June 17, 2011

Let the extracurriculars begin!

Written by LeighAnne Coble
This week, was a whirlwind of reading stories, studying together, and creating poems.  Here is the ADE high school schedule for extracurricular classes:

Monday: Creative Writing (led by intern Leigh Anne)
Wednesday: Tutoring
Thursday: Spoken-word poetry (led by intern Angeley)
Friday: Soccer

D presents her poem

To kick off the week, creative writing class opened with a five-minute free write, which brought out several interesting ideas.  In such a short amount of time, Jeanca wrote a story with eggs and dragons and other fascinating things out of his imagination (and maybe with a little inspiration from Harry Potter as well.)  Even the free writes that began with "I don't know what to write," opened up into something more creative towards the end of the exercise.  Then the class broke into small groups to read ethnic short stories aloud (Japanese, Celtic, Scandinavian, etc.), and gave a presentation about the summary, their favorite part, and what made the story creative.

On Wednesday, tutoring began with a quiz (you can imagine the groans that this elicited,) for each student to understand their learning type: visual, auditory, kinesthetic.  Frances gave suggestions for each learning type to play to his/her strength, offering study techniques like walking around reading the text for kinesthetic learners or reading the text aloud for auditory learners.  Then they broke into groups to study different subjects for the remainder of the hour.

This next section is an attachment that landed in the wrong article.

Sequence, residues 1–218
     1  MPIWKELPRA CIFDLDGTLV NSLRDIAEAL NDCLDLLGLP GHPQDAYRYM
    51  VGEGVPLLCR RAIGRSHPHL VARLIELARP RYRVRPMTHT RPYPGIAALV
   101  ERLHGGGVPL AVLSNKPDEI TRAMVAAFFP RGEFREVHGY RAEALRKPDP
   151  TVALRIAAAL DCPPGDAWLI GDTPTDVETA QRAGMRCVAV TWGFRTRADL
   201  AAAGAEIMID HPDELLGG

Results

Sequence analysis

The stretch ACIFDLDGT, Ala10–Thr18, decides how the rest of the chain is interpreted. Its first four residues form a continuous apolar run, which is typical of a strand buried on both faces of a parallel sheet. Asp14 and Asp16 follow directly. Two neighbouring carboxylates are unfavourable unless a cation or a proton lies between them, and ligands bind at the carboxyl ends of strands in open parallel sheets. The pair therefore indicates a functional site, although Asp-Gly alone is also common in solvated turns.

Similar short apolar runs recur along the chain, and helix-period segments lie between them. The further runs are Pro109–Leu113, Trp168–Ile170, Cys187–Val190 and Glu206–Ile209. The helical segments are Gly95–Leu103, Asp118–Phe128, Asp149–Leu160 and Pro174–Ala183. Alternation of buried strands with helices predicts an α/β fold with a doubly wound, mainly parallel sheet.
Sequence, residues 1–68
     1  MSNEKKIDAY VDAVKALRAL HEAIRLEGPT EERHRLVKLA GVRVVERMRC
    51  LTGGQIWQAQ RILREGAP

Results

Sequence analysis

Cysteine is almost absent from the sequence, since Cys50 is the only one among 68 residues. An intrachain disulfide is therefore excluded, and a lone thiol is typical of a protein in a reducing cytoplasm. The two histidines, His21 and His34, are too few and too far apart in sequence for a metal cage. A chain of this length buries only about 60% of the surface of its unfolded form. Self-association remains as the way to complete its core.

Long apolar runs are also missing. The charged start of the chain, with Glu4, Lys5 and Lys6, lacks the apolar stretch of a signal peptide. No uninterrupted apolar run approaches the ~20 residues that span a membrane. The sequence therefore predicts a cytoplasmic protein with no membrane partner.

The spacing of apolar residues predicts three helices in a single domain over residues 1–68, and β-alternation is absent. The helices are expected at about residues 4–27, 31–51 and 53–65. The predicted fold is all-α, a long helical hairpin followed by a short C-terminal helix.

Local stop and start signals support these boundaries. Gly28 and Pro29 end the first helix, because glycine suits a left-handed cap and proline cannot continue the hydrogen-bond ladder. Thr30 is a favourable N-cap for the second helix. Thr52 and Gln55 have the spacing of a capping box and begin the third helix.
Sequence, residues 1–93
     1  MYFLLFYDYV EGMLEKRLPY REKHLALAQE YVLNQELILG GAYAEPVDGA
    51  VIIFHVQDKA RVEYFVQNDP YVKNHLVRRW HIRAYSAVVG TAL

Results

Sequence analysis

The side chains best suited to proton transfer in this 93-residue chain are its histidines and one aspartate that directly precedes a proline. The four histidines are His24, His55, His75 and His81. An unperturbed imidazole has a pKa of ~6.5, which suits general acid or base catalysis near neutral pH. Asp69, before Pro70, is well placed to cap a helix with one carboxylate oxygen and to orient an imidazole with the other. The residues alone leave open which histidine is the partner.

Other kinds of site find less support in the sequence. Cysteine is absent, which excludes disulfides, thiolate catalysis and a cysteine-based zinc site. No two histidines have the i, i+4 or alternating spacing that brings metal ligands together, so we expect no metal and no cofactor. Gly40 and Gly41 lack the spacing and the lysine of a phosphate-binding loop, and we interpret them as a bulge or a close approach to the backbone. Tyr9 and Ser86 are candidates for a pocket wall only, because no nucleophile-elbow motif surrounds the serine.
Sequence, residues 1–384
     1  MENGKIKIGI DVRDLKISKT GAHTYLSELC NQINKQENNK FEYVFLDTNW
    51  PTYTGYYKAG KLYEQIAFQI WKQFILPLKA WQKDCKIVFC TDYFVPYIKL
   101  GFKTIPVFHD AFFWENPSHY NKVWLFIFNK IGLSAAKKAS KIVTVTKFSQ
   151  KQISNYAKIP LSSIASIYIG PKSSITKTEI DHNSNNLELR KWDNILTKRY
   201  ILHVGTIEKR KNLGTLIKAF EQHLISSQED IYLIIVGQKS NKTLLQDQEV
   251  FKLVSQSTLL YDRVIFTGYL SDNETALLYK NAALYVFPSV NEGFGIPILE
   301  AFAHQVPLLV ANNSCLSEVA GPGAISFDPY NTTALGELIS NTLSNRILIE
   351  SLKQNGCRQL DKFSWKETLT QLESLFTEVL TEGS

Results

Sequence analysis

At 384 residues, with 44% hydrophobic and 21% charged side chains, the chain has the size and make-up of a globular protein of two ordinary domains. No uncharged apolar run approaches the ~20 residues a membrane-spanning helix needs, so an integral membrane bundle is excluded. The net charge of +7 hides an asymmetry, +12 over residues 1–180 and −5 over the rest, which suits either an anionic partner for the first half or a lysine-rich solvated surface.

The students write positive words on each other's posters.

In spoken-word poetry on Thursday, Angeley began by taping up posters with the outline of a face and labeled with everyone's name.  As we all ran around writing positive words like "especial," "amable," and "inteligente" on each poster, we began to better understand the power of language.  After five minutes, Angeley called us back to the center of the room, asking us to find our own poster and write kind words about ourselves to self-reflect and build self-esteem.  All of us stood, our face looking into  our poster face, beginning to realize not only the good others see in us but also the good we see in ourselves.  Then, we used the words on our posters to form a poem, and several brave souls read theirs aloud to the class.  At the request of the students, Angeley agreed to recite her fast-beat rhythmic poem, blending cultures and mixing Spanish and English (check it out on Facebook: http://www.facebook.com/pages/ADE/240241896862?ref=ts).  The students left class with posters in hand and phrases from Angeley's poem, like "Arroz con todo," and "multi-cultured, multi-faceted diva" echoing pleasantly in their ears.